So to day let’s give thanks for dads, for granddads, and for all the men who provide wonderful role models even when they don’t realise it. Thank you!

 

Now as I said, I inadvertently chose the worst possible reading for Father’s Day. So, let’s see if we can make any sense of it. Maybe it is not the worst.

 

Jesus says, ‘Whoever comes to me and does not hate father and mother…, cannot be my disciple. Luke 14:26

First of all, lets remind ourselves of exaggeration, hyperbole. I sometimes say, I used to work for telecom, a million years ago. Clearly, I wasn’t alive a million years ago. It is a slight exaggeration! The Hebrew people used exaggeration in much the same way we do. It is a figure of speech that creates humour or shocks and therefore sticks in the mind more easily.

Secondly it is important to remember that families in Middle-Eastern countries as in many tribal cultures exert a huge amount of power over their adult children. The sort of scenario we know well from Romeo and Juliet. Here is a young couple who are duty bound to hate each other. That is what their family expects and even demands. They don’t, they love each other. Jesus speaks into that kind of profoundly unhealthy dynamic. If your family expect a suffocating lifestyle that runs counter to the Gospel Jesus calls us to be ready to leave and become “persona-non-grata”. Francis of Assisi also had expectations placed on him. He would join his fathers growing mercantile business and like his dad become very wealthy and powerful. With this kind of scripture passage in mind Francis strips off naked to hand back to dad every item that symbolised the growing capitalism of the early sixteenth century. Francis was prone to a good dose of exaggerated exuberance making many wonder if Francis was mad rather than holy. But Francis chose not to be bound by unhealthy expectations which hindered the Gospel.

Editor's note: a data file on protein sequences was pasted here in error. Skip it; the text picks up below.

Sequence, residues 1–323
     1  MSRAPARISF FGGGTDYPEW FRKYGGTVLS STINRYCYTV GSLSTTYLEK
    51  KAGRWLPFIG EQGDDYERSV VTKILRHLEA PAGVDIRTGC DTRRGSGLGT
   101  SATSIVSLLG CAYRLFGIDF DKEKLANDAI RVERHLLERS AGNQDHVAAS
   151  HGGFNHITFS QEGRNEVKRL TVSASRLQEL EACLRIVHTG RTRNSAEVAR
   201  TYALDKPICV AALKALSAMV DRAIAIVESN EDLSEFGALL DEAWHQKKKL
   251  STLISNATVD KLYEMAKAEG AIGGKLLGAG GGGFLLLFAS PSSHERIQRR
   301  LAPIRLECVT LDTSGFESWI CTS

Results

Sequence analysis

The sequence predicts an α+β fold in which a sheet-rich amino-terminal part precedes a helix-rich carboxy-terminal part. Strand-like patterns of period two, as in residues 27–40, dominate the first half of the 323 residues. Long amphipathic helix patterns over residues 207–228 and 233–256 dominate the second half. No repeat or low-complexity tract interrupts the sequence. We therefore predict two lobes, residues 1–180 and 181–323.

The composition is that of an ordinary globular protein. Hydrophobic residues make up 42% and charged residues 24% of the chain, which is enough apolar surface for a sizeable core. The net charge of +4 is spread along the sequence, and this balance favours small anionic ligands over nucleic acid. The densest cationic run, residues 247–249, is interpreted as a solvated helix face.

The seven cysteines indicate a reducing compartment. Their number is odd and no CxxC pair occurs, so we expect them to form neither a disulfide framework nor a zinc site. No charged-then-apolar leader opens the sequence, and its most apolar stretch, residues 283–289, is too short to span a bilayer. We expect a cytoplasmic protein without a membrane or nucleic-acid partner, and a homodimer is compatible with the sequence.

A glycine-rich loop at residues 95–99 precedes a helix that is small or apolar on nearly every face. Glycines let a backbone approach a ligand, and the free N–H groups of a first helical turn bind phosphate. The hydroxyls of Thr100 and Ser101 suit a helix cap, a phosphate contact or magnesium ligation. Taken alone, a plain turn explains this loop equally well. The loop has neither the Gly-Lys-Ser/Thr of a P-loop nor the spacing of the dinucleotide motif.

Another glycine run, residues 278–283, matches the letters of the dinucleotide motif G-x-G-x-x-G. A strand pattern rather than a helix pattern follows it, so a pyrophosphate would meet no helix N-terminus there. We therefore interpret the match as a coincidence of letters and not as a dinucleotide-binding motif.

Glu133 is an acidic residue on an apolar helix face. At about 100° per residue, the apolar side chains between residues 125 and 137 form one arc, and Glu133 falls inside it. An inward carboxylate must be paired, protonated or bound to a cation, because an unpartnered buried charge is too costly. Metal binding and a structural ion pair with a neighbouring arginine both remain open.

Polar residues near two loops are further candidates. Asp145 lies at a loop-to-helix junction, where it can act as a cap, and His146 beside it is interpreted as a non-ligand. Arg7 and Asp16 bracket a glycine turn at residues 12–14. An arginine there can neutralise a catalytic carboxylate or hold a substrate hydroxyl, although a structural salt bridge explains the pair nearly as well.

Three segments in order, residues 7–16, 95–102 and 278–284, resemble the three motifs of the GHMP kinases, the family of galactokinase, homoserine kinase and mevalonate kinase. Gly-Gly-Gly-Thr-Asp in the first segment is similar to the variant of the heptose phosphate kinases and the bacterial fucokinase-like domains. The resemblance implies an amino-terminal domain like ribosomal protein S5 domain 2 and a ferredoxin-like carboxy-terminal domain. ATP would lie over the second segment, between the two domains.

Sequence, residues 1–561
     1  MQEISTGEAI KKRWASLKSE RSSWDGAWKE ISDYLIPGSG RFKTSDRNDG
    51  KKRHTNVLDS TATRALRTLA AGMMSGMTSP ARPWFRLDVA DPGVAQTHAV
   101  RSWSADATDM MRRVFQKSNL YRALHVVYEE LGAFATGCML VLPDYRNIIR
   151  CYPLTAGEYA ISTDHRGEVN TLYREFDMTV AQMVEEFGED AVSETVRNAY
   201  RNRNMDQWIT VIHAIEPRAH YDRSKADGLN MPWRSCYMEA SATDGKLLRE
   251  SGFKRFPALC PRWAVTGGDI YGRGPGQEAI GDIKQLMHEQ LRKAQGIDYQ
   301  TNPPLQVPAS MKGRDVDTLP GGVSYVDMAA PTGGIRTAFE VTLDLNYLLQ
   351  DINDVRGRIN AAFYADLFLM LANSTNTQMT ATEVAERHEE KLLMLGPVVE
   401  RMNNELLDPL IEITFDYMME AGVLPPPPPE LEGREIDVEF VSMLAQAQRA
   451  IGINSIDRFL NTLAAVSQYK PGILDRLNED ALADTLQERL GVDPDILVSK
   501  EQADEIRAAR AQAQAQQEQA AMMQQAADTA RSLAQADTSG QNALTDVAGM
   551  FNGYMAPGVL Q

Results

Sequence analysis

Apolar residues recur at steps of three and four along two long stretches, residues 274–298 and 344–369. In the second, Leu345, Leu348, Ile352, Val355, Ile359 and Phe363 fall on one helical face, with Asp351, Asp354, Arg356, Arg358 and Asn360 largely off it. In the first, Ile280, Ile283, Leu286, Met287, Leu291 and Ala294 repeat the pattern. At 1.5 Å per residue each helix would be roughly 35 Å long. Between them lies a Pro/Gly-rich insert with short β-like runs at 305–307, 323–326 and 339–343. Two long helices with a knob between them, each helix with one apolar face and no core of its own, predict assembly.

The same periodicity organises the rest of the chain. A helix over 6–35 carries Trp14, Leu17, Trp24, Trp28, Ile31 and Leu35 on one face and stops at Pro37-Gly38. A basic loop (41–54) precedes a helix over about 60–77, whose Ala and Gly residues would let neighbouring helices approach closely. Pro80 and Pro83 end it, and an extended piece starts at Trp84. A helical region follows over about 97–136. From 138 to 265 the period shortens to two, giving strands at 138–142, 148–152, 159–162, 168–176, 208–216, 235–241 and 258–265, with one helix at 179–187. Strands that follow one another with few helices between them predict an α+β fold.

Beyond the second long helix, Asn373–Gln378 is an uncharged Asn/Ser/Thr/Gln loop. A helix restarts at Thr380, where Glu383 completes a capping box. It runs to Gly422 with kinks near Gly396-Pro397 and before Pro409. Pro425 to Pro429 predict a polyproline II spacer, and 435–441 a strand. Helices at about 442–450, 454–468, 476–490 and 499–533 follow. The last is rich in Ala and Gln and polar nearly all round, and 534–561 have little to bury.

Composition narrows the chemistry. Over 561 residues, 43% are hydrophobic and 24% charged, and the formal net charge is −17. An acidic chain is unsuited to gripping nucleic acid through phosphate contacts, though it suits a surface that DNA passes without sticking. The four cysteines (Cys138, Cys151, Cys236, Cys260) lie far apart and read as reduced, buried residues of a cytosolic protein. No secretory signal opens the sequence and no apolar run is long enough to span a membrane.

The third thing to keep in mind is that Jesus had made up his mind to go up to Jerusalem. As I said a couple of months ago, it was like he was in a pressure cooker environment, he was so focused on going into direct conflict with the religious and political leaders. He knew it would end in crucifixion. Nothing else was important by comparison.

So, with those three things in mind, what is Jesus saying to us today.

Jesus wants us to make a choice which is a bit like choosing to be a dad or choosing to get married. These things are hugely important and deserve to be given plenty of thought before you commit. We need to take very seriously not just the tangible cost, that is the easy bit. No we need to consider the real challenge of sacrificial love and the need to grow up to be a genuinely loving and responsible parent or spouse. Parenting and married life are like a wonderful cauldron that distils in us the very best that we have to offer. Following Jesus is equally if not more so a cauldron distilling us.